I really liked my design as it was but I wanted to fill in some of the stripes with the black ink to finish it off. I haven’t coloured it yet but I think that this piece would work really well in a purple shade with either a green or an orange as a secondary colour. The final black and white version is at the top of this post.
It is fun learning about different words and doing this project reminded me of the Devon Words art project by Caitlin Hennessy which I saw at last year’s Weekender exhibitions and which I wrote about here. I really enjoyed this project and will definitely be doing more lettering and illustrating with words in the future.
I have added a Gallery page to my blog. It collects together a selection of my work as a young artist in Plymouth. There are examples of my illustration and game art work as well as examples of other types of creative work I have completed or participated in. Don’t forget to check my instagram as I add new work there regularly!
I’ve been following a long course on drawing anatomy on Udemy called Anatomy for Figure Drawing: Mastering the Human Body by Neil Fontaine and I’ve really enjoyed it so far. I have learnt how to draw a simple skeletal structure from the front, the basic shape of the human body, and a bit about proportions.
Lesson 1 is a briefing about the course. Lesson 2 is called “Proportions 1” and covers the proportions of the human skeleton. I really enjoyed this lesson and it is fun assembling the skeleton on the page. It has definitely started helping me with drawing more in-proportion characters.
Lesson 3 is called “Proportions 2” and I am about three quarters of the way through the lesson at the moment. The lesson looks at how to draw a basic proportionate human body quickly by using what we learned about the skeleton in the previous lesson but imagining skin and muscles over it. The above sketch shows some of the steps.
The screenshot above shows the figure from the Lesson at the point where I am at this morning (drawn by Neil). Below is my own sketch at this stage:
I am happy with my sketch and the course so far. The course includes 65 lectures over 68 hours of video. I am going to carry on working through them in order but I am really looking forward to the sections on hands and feet because I struggle with these and want to improve. I have not been able to find figure drawing and life drawing classes to go to in person because they usually have an age limit, so being able to work through online tutorials is really helpful. I will keep looking for local workshops as well though because it is so much help having a live tutor to talk to and get advice from.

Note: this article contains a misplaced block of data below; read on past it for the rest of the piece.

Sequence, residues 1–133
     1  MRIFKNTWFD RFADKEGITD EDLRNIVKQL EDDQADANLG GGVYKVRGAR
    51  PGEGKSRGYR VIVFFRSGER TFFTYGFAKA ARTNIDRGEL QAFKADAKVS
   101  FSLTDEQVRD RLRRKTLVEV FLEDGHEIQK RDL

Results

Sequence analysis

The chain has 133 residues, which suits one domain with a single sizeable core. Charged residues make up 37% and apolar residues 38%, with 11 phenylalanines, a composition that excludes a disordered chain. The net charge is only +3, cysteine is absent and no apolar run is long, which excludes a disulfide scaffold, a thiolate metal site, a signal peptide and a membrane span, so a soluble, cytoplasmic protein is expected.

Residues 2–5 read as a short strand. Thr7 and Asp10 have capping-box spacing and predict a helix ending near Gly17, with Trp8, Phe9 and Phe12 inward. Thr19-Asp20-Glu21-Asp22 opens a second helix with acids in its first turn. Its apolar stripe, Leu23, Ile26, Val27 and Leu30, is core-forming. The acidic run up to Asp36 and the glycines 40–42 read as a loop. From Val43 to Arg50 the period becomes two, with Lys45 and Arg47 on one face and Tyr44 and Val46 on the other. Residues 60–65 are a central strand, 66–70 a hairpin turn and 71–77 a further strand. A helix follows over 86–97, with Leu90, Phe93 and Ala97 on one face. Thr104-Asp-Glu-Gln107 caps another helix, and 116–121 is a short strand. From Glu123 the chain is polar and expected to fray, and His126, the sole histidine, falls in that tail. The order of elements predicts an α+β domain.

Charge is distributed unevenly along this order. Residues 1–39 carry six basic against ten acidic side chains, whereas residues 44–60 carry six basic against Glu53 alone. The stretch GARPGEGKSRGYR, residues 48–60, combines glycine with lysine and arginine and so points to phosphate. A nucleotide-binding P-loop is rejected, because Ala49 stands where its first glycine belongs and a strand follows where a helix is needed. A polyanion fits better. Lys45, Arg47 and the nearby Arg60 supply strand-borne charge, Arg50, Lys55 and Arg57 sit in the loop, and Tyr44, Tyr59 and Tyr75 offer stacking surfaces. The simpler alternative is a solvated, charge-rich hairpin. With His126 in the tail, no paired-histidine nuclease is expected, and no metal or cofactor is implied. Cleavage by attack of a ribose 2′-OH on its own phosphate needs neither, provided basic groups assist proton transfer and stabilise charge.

This post is going to cover what I did during the first half of autumn term at the National Art and Design Saturday Club at the Plymouth College of Art. My tutor is Kate Marshall. Kate is an artist who works in all sorts of media and enjoys experimenting with unusual materials from the sites she is researching. Our student ambassador is Ben Lintell. Ben is a student at PCA studying Contemporary Crafts and he creates paper and glass sculptures.
During the first half term we were working with self-portraits and figure drawing. We started with drawing our self-portraits with paper and pencil. I used a mirror and something I found difficult was that any small movements I made would throw me off. I worked entirely in HB pencil because that was all I had with me that day. I think I captured my expression pretty well but I think I could have made it more realistic if I used different pencils.
Next we were given a square of wood each to draw another self-portrait on. I’ve never drawn on wood before and it was hard to erase the pencil marks so I had to use less working lines than usual. I worked from a photo of myself on my phone this time and it was slightly easier than from a mirror, because there was no movement and I could zoom in to investigate details.
I then started painting my self-portrait on the piece of wood with acrylic paints. Kate advised us not to use one colour for our skin as that would make it look fake, but to look closely for blues, greens and other hues. I studied my photo and found lines, shadows and different shades of pinks, browns, greens and blues. I mixed up the different colours on a palette and used two different brush sizes, a medium-sized flat one for covering bigger areas and a slightly smaller round brush for details. I wasn’t able to find a very small brush for fine detail. I don’t normally work with acrylic paints but I enjoyed testing them out. Acrylics are opaque and not transparent like the watercolours I normally use. I watered my paints down a little to make them easier to use and I noticed that when I used colours on top of a layer of white they were more vivid.
Our self-portraits were put on display in Central Saint Martins in London alongside other National Saturday Club groups from around the country. Here is a photo of all the portraits from the Plymouth College of Art group:
We also spent a session speed-drawing each other in different poses and holding or wearing different costume items to practice figure drawing. I did some using my 4B graphite stick and some using charcoal. The charcoal is darker and has a more textured line whereas the graphite gave a smoother line. I found that both allowed me to be more expressive and use bigger gestures than when I use a pencil.
I really enjoyed drawing the different poses and body shapes and found that our quick drawings sometimes didn’t even look human. I want to do a lot more figure drawing as it will help me improve my character design and comic art. I’d also like to do some life drawing lessons but I haven’t found any classes locally that will accept students of my age yet. I’ve signed up to an Udemy course on Anatomy for Figure Drawing (I got this discounted and there are sales quite often on Udemy) and I have been drawing poses from magazines.
Below are some of the sketches I’ve done recently from photos in my NEO magazines. I have been doing very quick sketches of body frameworks using simple lines joined by small circles for joints, and bigger shapes for heads and body sections. I saw this technique used to show figures in action in How To Draw Comics The Marvel Way by Stan Lee and John Buscema. It is a good way to investigate poses and movement. In some places I have used coloured pencil to add more details later.
In this last picture I made up my own poses from my imagination and memory. I feel that my skills have already begun to improve because of this exercise and the work we’ve been doing at the Saturday Club.